Optic Neuritis: A Brief Overview

  • Post author:Azeem Siddique, Hannah Taylor
  • DOIDOI:10.48089/jfo7685056
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Azeem Siddique, Hannah Taylor

Salford Royal Hospital, Salford, United Kingdom


The optic nerve carries information from the retina to the visual pathways in the brain. Optic neuritis is inflammation of the optic nerve, which can be associated with various aetiologies including demyelinating lesions, autoimmune conditions, infections and other inflammatory processes. This article discusses the clinical presentation of optic neuritis as well as pathogenesis, investigation and management.


Studies have estimated the incidence of optic neuritis to be around 5-6 in 100,000 (1,2). Risk factors for optic neuritis include age between 20 and 40 years, female sex (3:1) and Caucasian race (1).


Optic neuritis has been suggested to be a T-cell mediated inflammatory process (3). It can be idiopathic or secondary to an underlying pathology. Most commonly, optic neuritis is associated with demyelination of the optic nerve and can be the initial presentation of multiple sclerosis (MS). Patients with optic neuritis have around a 30% chance of developing MS within 5 years (1). Neuromyelitis optica (NMO) is another demyelinating condition that presents as recurrent, severe optic neuritis alongside transverse myelitis. Differentiating between MS and NMO is important for prognostics and management. Less common causes include infections such as herpes zoster, syphilis, and lyme disease as well as autoimmune conditions such as sarcoidosis and systemic lupus erythematosus (4).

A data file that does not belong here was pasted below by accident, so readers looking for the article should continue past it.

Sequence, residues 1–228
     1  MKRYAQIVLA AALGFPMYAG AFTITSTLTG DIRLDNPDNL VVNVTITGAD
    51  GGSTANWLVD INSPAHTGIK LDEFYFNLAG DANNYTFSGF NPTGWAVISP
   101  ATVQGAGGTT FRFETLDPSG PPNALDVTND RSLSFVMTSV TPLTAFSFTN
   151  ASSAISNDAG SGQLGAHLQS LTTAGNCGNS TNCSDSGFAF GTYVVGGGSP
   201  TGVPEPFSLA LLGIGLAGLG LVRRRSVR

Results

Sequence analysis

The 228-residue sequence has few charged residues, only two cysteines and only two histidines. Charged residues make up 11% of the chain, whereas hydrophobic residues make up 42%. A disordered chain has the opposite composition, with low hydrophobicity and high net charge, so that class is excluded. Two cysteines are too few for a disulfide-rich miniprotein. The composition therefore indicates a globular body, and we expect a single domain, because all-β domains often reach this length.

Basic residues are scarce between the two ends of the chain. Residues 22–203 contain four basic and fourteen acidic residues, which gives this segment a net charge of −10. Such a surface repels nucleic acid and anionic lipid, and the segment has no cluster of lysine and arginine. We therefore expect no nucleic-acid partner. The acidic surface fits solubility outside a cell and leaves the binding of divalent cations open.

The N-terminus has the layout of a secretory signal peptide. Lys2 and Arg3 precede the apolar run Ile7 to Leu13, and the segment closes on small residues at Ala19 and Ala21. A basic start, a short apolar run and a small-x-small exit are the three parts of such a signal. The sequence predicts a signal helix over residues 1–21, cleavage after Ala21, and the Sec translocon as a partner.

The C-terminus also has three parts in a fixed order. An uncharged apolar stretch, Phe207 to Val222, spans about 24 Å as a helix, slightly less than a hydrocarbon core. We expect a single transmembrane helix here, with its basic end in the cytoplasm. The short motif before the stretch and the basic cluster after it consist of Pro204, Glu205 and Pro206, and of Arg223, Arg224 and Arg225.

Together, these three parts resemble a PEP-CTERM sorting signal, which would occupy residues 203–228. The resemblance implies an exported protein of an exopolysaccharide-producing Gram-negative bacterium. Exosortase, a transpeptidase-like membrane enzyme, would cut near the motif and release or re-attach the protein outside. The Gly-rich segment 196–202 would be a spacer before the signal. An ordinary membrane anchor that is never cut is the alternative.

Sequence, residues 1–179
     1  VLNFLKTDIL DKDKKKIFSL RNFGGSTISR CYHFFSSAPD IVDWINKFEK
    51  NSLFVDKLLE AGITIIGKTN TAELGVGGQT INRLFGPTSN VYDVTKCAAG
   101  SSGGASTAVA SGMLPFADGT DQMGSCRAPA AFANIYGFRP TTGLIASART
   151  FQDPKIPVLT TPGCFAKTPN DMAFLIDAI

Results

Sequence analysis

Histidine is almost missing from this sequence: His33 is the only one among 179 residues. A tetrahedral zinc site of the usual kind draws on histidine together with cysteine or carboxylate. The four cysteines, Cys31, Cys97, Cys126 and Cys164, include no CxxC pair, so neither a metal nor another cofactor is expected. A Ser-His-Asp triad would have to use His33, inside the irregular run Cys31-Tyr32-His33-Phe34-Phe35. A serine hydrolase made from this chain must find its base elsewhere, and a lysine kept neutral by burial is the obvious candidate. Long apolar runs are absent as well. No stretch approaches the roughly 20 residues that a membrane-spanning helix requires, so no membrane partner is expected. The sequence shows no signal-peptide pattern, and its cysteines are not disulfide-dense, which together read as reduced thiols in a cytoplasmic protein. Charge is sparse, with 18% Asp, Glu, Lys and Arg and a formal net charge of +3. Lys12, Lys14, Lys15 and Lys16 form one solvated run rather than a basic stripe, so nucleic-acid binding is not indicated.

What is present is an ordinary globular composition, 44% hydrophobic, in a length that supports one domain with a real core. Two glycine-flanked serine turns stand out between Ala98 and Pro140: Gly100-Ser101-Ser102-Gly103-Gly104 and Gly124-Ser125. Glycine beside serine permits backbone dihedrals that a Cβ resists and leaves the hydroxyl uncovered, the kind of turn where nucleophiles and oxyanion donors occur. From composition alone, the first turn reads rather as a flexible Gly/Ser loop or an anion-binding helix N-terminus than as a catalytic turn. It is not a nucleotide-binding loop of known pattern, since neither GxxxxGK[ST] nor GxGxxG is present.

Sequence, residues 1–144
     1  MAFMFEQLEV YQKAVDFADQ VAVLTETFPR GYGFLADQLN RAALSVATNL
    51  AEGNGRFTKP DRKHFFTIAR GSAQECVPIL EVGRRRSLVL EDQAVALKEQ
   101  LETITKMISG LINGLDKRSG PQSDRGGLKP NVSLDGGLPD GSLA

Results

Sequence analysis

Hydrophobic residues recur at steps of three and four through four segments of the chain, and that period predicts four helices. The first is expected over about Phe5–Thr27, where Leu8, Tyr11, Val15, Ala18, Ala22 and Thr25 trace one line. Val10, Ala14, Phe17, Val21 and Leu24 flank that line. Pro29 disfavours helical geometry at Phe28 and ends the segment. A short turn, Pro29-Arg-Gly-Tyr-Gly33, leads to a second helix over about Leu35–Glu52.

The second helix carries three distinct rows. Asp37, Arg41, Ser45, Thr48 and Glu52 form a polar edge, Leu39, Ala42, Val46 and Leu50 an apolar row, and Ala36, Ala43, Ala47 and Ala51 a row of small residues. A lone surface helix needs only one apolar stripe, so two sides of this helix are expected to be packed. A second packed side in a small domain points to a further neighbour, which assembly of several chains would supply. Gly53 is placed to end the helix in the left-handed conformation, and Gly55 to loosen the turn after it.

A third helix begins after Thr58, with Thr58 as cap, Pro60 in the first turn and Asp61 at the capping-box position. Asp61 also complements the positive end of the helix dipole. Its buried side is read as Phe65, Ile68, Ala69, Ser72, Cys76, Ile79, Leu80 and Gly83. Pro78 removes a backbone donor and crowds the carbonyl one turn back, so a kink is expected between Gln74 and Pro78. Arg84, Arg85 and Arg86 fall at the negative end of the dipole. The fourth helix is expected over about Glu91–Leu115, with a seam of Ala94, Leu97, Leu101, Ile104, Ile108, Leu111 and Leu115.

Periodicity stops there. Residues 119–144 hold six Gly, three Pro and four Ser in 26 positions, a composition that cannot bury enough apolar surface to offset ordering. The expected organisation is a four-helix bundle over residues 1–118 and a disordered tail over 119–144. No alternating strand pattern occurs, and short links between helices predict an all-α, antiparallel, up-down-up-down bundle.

Clinical Presentation

Optic neuritis most commonly presents with acute, unilateral loss of vision, usually progressing over the course of hours before improving to complete resolution over weeks to months (5). The nature of visual loss can vary from complete loss of vision in the affected eye to partial loss or blurred vision. Optic neuritis is typically painful, especially with eye movement, however pain can vary in severity (5). Patients with optic neuritis may notice impaired colour vision with colours appearing washed out in the affected eye. In particular, the colour red can be affected, known as red desaturation (5). As with other demyelinating diseases, Uhthoff’s phenomenon may also be noted in optic neuritis: the worsening of vision with increased body temperature such as with a hot bath or physical activity (6).

Ophthalmological examination can provide objective evidence of optic neuritis through the swinging light test. In this test a source of light is swung back and forth between each eye and the direct and consensual pupillary light reflexes are observed. In unilateral optic neuritis, the relative afferent pupillary defect (RAPD) may be observed whereby the pupillary reflexes when shining the light into the affected eye are weaker than the unaffected eye. This can be observed as the pupil dilating when moving the light source from the unaffected eye to the affected eye. In most cases, fundoscopy reveals a normal appearance of the optic disc however a mild papilloedema may be seen in around 33% of patients (5).

A detailed history and full neurological and ophthalmic examinations are vital when suspecting optic neuritis. These can help to identify any underlying cause and can guide targeted investigation and management.